We don't have the actual texts of most books held in ancient libraries. We don't have much in the way of catalogues (nothing at all, in the case of Alexandria). And no doubt there are many, many more lost authors where no trace survives. But we have so many reports, about thousands of lost books, that we have a very, very good idea about the kinds of things that we're missing out on.
The last remains of the library were destroyed within a year of Hypatia's death. It's as if an entire civilization had undergone a sort of self-inflicted radical brain surgery so that most of its memories, discoveries, ideas, and passions were irrevocably wiped out. The loss was incalculable. In some cases, we know only the tantalizing titles of books that had been destroyed. In most cases, we know neither the titles nor the authors.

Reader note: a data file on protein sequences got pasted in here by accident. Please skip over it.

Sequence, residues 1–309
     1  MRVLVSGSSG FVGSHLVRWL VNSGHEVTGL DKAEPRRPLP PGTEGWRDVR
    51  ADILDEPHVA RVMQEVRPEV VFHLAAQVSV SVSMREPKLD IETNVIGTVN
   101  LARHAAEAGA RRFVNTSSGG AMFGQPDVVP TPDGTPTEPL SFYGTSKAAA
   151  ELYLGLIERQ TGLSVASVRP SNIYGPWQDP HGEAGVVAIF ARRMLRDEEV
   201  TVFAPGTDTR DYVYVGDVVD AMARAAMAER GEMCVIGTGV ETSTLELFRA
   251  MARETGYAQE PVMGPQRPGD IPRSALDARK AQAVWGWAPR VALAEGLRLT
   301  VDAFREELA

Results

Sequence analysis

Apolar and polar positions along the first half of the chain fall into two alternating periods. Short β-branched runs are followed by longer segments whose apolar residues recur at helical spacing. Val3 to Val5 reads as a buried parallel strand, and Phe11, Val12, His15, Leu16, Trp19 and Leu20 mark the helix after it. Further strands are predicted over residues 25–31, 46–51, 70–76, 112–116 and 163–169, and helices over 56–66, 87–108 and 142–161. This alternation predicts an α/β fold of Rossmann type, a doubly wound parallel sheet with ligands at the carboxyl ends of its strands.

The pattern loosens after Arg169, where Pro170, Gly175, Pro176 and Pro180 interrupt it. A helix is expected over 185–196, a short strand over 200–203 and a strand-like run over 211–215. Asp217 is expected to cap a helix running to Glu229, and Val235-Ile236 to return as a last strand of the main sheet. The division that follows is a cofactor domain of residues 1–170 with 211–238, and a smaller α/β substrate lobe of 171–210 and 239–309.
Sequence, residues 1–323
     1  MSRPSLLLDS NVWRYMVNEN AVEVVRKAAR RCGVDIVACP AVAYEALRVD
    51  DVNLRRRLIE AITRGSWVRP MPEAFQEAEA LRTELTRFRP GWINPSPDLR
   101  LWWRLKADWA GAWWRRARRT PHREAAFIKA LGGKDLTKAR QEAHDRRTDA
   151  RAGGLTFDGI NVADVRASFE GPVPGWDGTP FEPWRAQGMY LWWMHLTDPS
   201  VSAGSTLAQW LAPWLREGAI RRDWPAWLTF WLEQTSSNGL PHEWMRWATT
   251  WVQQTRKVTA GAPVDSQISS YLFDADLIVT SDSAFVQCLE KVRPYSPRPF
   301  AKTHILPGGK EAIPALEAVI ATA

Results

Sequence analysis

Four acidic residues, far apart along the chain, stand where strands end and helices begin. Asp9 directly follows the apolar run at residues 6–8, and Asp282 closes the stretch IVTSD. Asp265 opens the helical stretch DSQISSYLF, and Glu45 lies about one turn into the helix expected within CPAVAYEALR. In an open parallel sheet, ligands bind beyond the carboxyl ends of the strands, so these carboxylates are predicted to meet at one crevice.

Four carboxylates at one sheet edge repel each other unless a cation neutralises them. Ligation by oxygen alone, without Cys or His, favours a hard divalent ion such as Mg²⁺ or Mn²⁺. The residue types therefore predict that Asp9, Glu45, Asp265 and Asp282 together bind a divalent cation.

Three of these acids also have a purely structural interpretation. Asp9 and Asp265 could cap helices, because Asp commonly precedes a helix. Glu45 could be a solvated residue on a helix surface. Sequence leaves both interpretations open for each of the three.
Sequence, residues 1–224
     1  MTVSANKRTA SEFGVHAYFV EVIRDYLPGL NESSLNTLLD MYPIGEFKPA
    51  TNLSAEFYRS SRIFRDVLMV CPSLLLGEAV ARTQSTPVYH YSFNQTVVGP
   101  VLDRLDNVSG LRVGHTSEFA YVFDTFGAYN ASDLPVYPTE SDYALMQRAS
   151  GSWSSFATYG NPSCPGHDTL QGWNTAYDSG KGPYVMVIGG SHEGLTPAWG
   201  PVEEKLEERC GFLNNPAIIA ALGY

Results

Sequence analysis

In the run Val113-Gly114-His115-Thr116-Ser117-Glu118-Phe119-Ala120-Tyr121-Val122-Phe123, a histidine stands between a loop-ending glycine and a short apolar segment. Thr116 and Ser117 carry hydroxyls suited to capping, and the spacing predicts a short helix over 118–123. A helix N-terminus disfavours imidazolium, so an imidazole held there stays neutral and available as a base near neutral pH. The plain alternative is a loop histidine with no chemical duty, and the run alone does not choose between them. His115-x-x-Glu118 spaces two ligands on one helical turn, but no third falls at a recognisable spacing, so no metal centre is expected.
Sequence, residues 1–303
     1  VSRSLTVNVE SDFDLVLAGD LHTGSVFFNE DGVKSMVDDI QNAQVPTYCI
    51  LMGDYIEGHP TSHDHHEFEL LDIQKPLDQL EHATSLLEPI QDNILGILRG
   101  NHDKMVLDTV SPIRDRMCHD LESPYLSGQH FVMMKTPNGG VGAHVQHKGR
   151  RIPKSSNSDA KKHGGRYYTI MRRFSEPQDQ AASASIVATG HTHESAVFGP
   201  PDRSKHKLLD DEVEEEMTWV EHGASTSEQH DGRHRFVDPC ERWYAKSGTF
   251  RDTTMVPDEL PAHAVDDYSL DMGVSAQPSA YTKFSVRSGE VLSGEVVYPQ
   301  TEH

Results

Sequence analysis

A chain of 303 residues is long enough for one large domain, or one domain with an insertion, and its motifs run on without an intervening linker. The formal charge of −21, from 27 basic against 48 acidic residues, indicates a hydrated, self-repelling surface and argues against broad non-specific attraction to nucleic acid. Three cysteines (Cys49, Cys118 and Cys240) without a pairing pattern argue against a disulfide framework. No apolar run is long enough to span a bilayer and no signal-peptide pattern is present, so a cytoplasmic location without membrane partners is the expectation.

-- Carl Sagan, Cosmos, episode 13 'Who speaks for Earth?' (1980)
This is pure romance: invented by Gibbon, popularised by Sagan, and finally embedded by Civilization into a ruthlessly teleological view of the history of knowledge.

'Self-inflicted radical brain surgery'
There's no great tragedy, and not much mystery either. The claim 'The last remains of the library were destroyed within a year of Hypatia's death' is not true. Even if it were true, there's no good reason to suppose it would be important. It makes no sense to weep over Alexandria, nor any other library for that matter, because that's just not how texts got lost. No ancient library ever had the potential to be a repository that could last 2000 years. No modern library either, for that matter: libraries disappearing is just what happens if you wait that long.

In the same way, there's no point wondering or agonising over what arcane secrets might have been in ancient libraries. If you're wondering about the kind of stuff that we've lost, just open an edition of fragments. It's all there. It's there in truckloads.

(Do learn Greek first, though.)